Any one of a plurality of manufacturing techniques could be used to form the blanket layer of gate dielectric material 260. For example, the blanket layer of gate dielectric material 260 may be either grown or deposited. Additionally, the growth or deposition steps may require a significant number of different temperatures, pressures, gasses, flow rates, etc.

Located over the blanket layer of gate dielectric material 260 is a blanket layer of metal gate electrode material 270. The blanket layer of metal gate electrode material 270 may, similar to the blanket layer of gate dielectric material 260, comprise a number of different materials while remaining within the scope of the present invention. In the particular embodiment illustrated in FIG. 2 the blanket layer of metal gate electrode material 270 comprises a transition metal. Other known metals may work equally as well.

The blanket layer of metal gate electrode material 270 may be formed using a number of different known processes. For instance, the blanket layer of metal gate electrode material 270 may be deposited using several different techniques, including physical vapor deposition (e.g., sputtering), atomic layer deposition (ALD), chemical vapor deposition (CVD), or any other film deposition technique that allows metal film deposition from very small amounts to tens of nanometers, as well as laser ablation and evaporation. Although the deposition conditions for the blanket layer of metal gate electrode material 270 may vary depending on the metal and deposition process used, in one embodiment of the invention it is believed that the blanket layer of metal gate electrode material 270 may be deposited using a pressure ranging from about 1 milliTorr to about 50 milliTorr, a temperature ranging from about ambient temperature to about 500 C., and a gas flow ranging from about 1 sccm to about 5000 sccm. Other deposition conditions are, however, within the scope of the present invention. The resulting blanket layer of metal gate electrode material 270 would advantageously have a thickness ranging from about 3 nm to about 100 nm, and more preferably from about 5 nm to about 20 nm.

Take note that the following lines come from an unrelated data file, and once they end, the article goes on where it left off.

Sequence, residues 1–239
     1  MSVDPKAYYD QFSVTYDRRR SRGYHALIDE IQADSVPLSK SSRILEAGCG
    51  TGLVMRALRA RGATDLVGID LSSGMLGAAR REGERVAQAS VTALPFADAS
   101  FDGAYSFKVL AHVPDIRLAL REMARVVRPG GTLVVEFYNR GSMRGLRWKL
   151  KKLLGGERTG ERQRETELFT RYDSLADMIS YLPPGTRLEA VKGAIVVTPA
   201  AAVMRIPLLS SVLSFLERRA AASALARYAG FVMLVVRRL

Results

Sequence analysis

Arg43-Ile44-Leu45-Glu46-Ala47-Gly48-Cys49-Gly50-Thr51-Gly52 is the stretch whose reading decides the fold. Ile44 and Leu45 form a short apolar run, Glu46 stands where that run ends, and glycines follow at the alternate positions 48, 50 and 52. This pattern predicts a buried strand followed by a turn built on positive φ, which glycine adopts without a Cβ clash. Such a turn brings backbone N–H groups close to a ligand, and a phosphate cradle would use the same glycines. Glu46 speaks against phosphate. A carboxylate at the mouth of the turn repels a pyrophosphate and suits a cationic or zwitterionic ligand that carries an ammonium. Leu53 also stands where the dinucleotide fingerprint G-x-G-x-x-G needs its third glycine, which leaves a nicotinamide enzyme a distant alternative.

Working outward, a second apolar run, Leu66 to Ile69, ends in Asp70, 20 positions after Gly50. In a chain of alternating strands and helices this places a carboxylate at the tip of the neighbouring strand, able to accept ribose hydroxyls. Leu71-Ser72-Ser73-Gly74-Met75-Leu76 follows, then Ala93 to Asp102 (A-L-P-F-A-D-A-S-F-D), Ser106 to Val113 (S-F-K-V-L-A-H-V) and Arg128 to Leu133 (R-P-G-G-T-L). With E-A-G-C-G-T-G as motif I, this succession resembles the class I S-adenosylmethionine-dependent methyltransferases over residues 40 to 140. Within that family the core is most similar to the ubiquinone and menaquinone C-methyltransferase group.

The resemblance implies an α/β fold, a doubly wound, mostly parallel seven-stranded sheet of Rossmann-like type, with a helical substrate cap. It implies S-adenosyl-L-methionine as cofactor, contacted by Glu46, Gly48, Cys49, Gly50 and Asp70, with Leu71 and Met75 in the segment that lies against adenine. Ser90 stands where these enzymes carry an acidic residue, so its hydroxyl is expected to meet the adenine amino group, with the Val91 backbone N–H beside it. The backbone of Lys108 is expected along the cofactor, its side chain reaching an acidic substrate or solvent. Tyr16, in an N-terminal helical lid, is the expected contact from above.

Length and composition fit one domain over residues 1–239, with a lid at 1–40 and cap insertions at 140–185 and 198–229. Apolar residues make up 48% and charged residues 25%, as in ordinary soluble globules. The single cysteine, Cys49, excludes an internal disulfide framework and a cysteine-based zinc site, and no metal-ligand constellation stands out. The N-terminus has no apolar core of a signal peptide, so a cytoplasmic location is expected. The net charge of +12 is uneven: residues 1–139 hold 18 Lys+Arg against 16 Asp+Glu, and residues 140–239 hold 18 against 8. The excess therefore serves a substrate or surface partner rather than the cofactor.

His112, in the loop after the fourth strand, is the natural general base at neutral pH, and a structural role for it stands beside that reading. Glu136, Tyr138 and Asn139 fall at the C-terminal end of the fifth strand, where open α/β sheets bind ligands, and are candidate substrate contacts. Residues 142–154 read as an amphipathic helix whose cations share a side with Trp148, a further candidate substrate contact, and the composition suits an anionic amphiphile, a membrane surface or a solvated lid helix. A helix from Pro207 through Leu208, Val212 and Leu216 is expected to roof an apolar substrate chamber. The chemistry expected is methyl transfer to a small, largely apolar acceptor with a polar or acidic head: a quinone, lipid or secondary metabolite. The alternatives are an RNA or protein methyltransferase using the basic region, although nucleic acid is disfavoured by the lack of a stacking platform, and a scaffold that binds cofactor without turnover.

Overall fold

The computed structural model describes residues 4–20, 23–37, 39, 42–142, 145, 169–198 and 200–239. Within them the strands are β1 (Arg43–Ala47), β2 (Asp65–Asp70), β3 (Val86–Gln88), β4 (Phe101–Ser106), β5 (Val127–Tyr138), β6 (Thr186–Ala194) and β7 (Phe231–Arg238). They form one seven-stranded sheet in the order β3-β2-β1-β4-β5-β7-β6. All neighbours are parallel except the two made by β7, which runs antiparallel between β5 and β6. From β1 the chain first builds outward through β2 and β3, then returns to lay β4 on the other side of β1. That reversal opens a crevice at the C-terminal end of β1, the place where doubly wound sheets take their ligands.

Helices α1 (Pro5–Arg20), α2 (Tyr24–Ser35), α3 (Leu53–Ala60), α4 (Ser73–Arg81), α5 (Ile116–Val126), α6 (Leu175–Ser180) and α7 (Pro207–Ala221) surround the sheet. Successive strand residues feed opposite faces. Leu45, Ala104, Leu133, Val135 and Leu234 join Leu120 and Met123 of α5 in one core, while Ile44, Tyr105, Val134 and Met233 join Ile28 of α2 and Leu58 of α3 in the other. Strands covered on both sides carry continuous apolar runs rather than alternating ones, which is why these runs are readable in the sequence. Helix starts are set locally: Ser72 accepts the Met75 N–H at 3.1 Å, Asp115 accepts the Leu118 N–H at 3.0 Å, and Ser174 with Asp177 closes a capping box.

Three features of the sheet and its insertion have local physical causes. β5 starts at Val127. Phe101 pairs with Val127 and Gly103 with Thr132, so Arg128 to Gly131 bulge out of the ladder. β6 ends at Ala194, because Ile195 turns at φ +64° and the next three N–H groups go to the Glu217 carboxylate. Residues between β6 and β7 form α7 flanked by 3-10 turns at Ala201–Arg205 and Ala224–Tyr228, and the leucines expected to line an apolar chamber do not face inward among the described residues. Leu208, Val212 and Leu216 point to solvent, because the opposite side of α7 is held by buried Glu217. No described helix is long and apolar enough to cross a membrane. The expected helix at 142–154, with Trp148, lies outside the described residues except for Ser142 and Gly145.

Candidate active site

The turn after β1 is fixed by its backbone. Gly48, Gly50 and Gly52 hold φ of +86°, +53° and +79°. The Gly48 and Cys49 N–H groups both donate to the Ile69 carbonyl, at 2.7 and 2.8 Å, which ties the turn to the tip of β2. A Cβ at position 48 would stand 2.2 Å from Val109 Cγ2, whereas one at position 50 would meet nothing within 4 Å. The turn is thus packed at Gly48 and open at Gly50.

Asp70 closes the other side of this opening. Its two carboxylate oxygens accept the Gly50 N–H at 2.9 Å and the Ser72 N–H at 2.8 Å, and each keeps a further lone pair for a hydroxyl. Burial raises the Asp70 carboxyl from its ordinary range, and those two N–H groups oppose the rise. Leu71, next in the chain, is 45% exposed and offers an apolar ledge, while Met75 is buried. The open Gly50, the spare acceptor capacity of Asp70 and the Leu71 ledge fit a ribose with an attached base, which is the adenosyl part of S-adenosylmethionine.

Turning now to FIG. 3 illustrated is a cross-sectional view of the partially completed semiconductor device 200 shown in FIG. 2 after forming a masking layer 310 over portions of the blanket layer of metal gate electrode material 270 and subjecting any exposed portions to a plasma process 320. The masking layer 310, as can be appreciated, may comprise a photoresist mask, hard mask, another similar mask or any collection of those masks while staying within the scope of the present invention. For instance, while the masking layer 310 illustrated in FIG. 3 is only a single photoresist mask, a dual photoresist/hard mask could conceivably be used. In the illustrative embodiment shown in FIG. 3 the masking layer 310 is only located over the NMOS device region 220 and not over the PMOS device region 240. Accordingly, only the PMOS device region 240 is exposed to the plasma process 320 in this embodiment.

The plasma process 320, which is unique to the present invention, is advantageously used to change the work function of the exposed portion of the blanket layer of metal gate electrode material 270. For instance, depending on the plasma process conditions and the metal used for the blanket layer of metal gate electrode material 270, it is envisioned that the plasma process 320 may change the work function of the exposed portion of the blanket layer of metal gate electrode material 270 by up to about 1.1 eV.

The plasma process conditions may vary greatly, particularly depending on whether an RF or microwave plasma process is being used. Nonetheless, a process power ranging from about 300 watts to about 3000 watts, a process pressure ranging from about 1 milliTorr to about 1500 milliTorr and a substrate temperature ranging from about ambient temperature to about 750 C. (preferably from about 500 C. to about 700 C.) have exhibited good results. Similarly, the gasses used for the plasma process may vary. For instance, if the plasma process is a plasma nitridation process, nitrogen gas or a nitrogen containing gas (e.g., N, N2, NH3, etc.) could be used. On the other hand, if the plasma process were a plasma oxidation process, oxygen or an oxygen containing gas (e.g., O, O2, O3, etc.) could be used. If the plasma process were a plasma silicidation process a silicon containing gas (e.g., SiH4, Si2H6, etc.) could be used. If the plasma process were a plasma germanidation process a germanium containing gas (e.g., GeH4) could be used. Let it be known again, however, that the plasma process and the particular metal used should be chosen such that the resulting layer remains conductive. Exemplary metals that could be used for the plasma oxidation include, without limitation, ruthenium, iridium, osmium, indium and tin. As those skilled in the art would expect, other gasses, including argon and helium, might be used to dilute the main plasma process gasses.